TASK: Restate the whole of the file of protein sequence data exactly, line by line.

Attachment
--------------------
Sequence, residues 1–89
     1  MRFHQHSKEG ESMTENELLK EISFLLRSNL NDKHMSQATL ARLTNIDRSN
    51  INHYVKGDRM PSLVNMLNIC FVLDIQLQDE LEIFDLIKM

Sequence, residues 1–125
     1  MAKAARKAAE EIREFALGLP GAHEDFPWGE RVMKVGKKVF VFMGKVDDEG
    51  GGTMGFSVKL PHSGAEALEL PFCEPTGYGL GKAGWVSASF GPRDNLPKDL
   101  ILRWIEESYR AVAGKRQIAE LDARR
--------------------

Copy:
Sequence, residues 1–89
     1  MRFHQHSKEG ESMTENELLK EISFLLRSNL NDKHMSQATL ARLTNIDRSN
    51  INHYVKGDRM PSLVNMLNIC FVLDIQLQDE LEIFDLIKM

Sequence, residues 1–125
     1  MAKAARKAAE EIREFALGLP GAHEDFPWGE RVMKVGKKVF VFMGKVDDEG
    51  GGTMGFSVKL PHSGAEALEL PFCEPTGYGL GKAGWVSASF GPRDNLPKDL
   101  ILRWIEESYR AVAGKRQIAE LDARR